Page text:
What makes Glasgow such a traveler destination? A lot of things, and chief among them, the landmarks. Strikingly distinct, you'll want to check out the reasons why Glasgow lures travelers, and its signature landmarks are a good place to start. These are the spots refrigerator magnets were made for.
The Scott Monument dominates Glasgow's George Square. Created in 1837, it was the first monument built in honor of the famous Scottish poet and author Walter Scott, only five years after his death. The 80-foot column was designed by David Rhind, the statue of Scott that sits at its top was designed by John Greenshields and carved by Handyside Ritchie.
Glasgow Cathedral is the oldest building in Glasgow and dates from the end of the 13th century. It also contains features from earlier cathedrals of the 12th century. The former Roman Catholic cathedral (now part of the Church of Scotland) is is the only complete medieval cathedral in Scotland still intact. A modern feature of this magnificent building is the fine stained glass windows which were mainly installed in the 1960s. Since then, it has been regarded as one of the finest collections of modern stained glass in Europe. The focal point for many visitors to Glasgow cathedral is the Tomb of St. Mungo (the city's patron saint), located in the Gothic crypt in the lower church. Sharing the cathedral's courtyard is the St. Mungo Museum, where you can experience art depicting the world's religions. Opposite the Museum stands Glasgow's oldest House known as Provand's Lordship. The cathedral patronage offers a wealth of musical and vocal talent and recitals are performed throughout the year. The guiding season starts on 1st May and runs till September. Guides are on duty to take visitors around the Cathedral. The bookstall is open and staffed. The Cathedral also has a Not Quite New Shop which is open on Mondays, Wednesdays, Fridays and Saturdays selling a selection of second hand goods.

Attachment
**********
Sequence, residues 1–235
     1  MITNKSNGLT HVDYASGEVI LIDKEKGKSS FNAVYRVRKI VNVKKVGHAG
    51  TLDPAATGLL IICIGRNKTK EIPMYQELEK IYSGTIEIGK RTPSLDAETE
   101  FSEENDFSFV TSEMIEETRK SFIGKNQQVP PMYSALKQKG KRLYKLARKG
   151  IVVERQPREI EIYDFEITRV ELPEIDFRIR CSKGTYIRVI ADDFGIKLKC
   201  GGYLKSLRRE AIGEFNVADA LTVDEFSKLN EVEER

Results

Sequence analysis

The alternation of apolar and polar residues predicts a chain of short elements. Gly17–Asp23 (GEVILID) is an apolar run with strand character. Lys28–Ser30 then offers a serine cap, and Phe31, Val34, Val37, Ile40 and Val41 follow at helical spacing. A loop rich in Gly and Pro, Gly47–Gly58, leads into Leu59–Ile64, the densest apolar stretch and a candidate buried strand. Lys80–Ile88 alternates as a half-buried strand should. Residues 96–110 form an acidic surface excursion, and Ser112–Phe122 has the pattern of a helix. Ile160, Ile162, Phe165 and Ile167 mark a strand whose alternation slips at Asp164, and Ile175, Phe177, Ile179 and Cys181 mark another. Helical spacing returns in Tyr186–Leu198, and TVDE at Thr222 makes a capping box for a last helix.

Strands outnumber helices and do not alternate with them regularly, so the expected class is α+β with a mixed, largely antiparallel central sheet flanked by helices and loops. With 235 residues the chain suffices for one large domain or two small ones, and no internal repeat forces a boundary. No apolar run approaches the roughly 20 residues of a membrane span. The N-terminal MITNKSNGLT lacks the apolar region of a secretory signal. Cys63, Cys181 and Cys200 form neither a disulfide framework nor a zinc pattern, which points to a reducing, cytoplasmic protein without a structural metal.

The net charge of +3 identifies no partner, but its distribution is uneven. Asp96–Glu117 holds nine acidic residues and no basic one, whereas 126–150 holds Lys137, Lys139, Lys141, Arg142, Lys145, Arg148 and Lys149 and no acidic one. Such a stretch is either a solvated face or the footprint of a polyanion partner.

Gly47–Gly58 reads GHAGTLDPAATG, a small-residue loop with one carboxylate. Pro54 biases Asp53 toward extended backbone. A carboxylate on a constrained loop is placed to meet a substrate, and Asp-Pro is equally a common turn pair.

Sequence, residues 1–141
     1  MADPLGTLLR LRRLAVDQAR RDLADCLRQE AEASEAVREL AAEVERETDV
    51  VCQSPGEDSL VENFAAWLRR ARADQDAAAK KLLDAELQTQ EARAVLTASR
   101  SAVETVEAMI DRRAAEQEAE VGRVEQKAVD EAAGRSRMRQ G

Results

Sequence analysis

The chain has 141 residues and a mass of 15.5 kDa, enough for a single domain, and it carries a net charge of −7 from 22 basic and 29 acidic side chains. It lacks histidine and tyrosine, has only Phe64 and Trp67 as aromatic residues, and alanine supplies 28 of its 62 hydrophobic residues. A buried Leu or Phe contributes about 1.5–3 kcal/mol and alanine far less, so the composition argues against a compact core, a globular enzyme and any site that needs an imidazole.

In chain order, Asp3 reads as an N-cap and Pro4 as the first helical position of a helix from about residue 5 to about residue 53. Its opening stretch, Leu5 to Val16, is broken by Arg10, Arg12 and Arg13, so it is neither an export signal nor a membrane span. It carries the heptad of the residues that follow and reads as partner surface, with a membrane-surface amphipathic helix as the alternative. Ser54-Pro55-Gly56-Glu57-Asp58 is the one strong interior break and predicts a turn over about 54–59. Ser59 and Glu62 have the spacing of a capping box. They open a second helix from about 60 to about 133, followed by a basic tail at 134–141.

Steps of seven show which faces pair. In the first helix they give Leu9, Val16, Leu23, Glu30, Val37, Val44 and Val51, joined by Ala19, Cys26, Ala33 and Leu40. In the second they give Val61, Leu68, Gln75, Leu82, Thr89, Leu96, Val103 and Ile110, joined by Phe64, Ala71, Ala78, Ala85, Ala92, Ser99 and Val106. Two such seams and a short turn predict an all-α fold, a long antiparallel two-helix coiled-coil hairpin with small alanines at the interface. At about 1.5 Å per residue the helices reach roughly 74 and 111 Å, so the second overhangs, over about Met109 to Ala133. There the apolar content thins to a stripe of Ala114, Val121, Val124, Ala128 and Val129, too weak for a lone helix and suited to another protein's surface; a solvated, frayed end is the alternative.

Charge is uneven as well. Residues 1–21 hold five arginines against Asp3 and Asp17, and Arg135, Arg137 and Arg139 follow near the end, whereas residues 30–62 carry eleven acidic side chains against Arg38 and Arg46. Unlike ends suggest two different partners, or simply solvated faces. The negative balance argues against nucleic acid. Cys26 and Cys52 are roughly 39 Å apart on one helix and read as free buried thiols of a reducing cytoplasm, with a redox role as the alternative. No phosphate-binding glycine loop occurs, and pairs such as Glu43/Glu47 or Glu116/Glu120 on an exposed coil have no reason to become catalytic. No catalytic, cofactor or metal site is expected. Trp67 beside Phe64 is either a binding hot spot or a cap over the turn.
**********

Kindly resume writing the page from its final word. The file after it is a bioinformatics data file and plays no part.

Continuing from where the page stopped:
The Lighthouse is Scotland's Centre for Architecture, Design and the City. Once the former offices of the Glasgow Herald Newspaper. It was Mackintosh's first public commission in 1895.
Between Miller Street and Cochrane Street
Glasgow's main plaza and very own Red Square...
George Square's iconic monument of famous poet and author Sir Walter Scott... read more
Glasgow School of Art
A reconstruction of Glaswegian architect Charles Rennie Mackintosh's home... read more
2060 Pollokshaws Road
Pollok Country Park
El Greco, Goya, Murillo, et Alia... read more
Glasgow Cathedral, Cathedral Sq., Castle St
730 Great Western Road
Great Western Rd
Impressive glass houses and exotic plants... read more
11 Mitchell Lane
Scotland's Centre for Architecture, Design and the City... read more